Putin Discusses Russian Territorial Claims in Arctic with Security Council
Russian President Putin and members of the country’s Security Council deliberated about the Russia’s outer border of the continental shelf in the Arctic. It follows the development of a plan by Russia’s Federal Security Service last month on how to counter foreign provocations in the country’s Arctic claims.
President Putin convened with members of the Security Council, including Defense Minister Sergei Shoigu and Deputy Prime Minister Tatyana Golikova to discuss Russia’s territorial claims in the Arctic. The country submitted its application for a vastly expanded Exclusive Economic Zone (EEZ) to the United Nations’ Commission on the Limits of the Continental Shelf (CLCS) in 2001 with revisions in 2015 and 2021.
The revision in 2021 extends the Russian claim all the way to Canada’s and Greenland’s EEZs and added around 705,000 square kilometers to the previous submission.
The submission claims large parts of the central Arctic Ocean as a continuation of Russia’s continental shelf. The Committee has yet to hand down a decision regarding these claims, some of which stand in direct competition to submissions made by Canada and Denmark (via Greenland).
During the Security Council meeting, Putin asked Deputy Prime Minister Golikova to provide an update on the status of Russia’s claims.
“Today we have several important issues concerning both the domestic agenda and the issue of the outer border of the continental shelf of the Russian Federation in the Arctic Ocean.”
Russia has become increasingly assertive over its territory and waterways in the Arctic, including Putin considering new legislation to ban the travel of foreign vessels along the Northern Sea Route.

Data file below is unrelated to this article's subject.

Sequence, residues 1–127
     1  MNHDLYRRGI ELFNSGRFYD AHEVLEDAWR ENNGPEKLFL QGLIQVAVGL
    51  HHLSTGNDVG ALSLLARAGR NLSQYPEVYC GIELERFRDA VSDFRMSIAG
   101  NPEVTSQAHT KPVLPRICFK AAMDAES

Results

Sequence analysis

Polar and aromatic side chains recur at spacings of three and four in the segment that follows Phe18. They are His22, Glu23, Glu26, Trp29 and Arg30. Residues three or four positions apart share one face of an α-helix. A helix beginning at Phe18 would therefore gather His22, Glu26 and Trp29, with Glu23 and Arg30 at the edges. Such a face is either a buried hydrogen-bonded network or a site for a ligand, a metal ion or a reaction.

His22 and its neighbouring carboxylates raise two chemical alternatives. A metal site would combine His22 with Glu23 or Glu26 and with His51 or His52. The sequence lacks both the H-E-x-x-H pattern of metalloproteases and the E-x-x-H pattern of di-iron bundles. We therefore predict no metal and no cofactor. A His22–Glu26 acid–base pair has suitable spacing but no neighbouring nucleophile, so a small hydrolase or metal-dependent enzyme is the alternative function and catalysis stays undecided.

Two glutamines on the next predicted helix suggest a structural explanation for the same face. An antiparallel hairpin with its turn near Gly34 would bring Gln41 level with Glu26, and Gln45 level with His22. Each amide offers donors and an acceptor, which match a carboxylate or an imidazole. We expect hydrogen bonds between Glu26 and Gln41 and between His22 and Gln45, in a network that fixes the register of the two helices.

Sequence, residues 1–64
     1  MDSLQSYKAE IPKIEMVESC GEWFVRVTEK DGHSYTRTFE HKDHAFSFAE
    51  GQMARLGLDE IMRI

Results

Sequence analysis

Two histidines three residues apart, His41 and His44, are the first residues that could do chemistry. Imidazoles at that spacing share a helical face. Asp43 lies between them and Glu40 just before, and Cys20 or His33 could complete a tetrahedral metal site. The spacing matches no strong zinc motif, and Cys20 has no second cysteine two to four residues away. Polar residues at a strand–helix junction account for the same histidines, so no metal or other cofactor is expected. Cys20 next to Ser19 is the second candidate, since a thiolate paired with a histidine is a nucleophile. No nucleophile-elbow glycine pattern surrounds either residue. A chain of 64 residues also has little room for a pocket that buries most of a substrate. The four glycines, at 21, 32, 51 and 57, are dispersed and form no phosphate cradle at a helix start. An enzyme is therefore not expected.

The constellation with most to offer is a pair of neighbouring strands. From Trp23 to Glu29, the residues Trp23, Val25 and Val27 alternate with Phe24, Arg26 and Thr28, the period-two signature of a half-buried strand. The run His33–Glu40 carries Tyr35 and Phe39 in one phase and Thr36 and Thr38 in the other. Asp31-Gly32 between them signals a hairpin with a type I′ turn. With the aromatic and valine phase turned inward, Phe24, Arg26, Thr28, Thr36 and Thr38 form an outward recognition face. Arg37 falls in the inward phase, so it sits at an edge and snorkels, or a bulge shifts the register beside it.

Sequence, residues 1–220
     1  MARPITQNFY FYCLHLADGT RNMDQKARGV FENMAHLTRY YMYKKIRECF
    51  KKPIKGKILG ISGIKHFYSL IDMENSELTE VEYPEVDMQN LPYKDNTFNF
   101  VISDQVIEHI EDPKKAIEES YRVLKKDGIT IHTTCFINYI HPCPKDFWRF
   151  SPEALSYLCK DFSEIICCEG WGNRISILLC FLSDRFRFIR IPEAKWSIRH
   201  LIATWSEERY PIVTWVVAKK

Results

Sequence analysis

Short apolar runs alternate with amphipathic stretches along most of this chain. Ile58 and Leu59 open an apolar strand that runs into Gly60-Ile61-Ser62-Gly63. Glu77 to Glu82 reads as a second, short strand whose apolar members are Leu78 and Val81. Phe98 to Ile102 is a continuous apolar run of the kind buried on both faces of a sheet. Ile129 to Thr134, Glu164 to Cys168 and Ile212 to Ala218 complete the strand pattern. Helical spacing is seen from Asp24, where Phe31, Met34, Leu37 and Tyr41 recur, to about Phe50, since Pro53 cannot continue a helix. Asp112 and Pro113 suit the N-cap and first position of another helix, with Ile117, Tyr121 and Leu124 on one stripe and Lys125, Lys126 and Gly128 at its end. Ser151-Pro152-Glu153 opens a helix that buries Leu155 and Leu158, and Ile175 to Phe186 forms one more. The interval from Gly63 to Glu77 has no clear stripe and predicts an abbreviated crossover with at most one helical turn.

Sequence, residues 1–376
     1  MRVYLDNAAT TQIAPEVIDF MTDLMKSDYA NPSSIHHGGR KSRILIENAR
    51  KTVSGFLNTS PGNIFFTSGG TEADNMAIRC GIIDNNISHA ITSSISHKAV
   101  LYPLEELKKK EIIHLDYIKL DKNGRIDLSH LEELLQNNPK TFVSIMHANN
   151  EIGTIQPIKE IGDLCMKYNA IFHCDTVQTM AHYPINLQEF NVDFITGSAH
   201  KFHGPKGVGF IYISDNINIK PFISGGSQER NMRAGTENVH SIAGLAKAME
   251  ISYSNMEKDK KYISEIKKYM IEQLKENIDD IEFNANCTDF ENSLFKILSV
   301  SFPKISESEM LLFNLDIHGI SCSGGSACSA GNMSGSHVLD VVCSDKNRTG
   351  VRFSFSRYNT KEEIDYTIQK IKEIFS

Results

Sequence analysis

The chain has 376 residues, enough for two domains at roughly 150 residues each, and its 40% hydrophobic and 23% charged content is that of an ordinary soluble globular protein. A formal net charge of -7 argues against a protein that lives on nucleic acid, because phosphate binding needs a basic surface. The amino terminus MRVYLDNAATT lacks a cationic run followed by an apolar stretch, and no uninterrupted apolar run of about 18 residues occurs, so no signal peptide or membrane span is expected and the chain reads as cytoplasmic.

Last month Russia’s Federal Security Service (FSB) announced plans on how to counter foreign influence and incursions along Russia’s main trade route in the region, the Northern Sea Route.
The FSB specifically noted the risk of provocations as the legal regime related to the Arctic shelf resources remains “incomplete” and claims have not been settled.
The war has eroded Russia’s conventional strength in arms
The plan, jointly developed with the Ministry of Defense, describes the importance to build-up reconnaissance and destructive assets along the coast and archipelagos of the Arctic Ocean. The FSB describes an urgent need for enhanced monitoring of ships and vessels and warns of the US Navy’s intention to carry out Freedom of Navigation exercises in the region.
The plan calls to develop and maintain “means to refuse unauthorized passage of the strait zones in the waters of the Northern Sea Route.”
Specifically the plan warns that there may be a passage of vessels of the US Navy, either a transit passage along the entire water area of the Northern Sea Route from west to east or in the opposite direction or a passage from the Bering Strait to the New Siberian Islands or from the Barents Sea to Severnaya Zemlya archipelago. The FSB plan also states that a simultaneous entry of two U.S. Navy ships from the western and eastern directions would represent a particular challenge. Such a freedom of navigation exercise could also be accompanied by maneuvering in the immediate vicinity of the home base of the Northern Fleet on the Kola peninsula and the Eastern Military District.
The Kola peninsula in particular is of a sensitive nature for Russia as it is here where parts of the country’s nuclear arsenal and second-strike capabilities are located. The Ukraine war has further enhanced the significance of these Arctic assets, explains Rebecca Pincus, Director of the Polar Institute at the Wilson Center.
“The war in Ukraine has eroded Russia’s conventional strength in arms, in some ways lending even more significance to its very high end strategic capabilities: many of which are concentrated in the Kola peninsula. So this does mean that intelligence and surveillance of that area, and those capabilities, is of tremendous importance," Pincus concludes.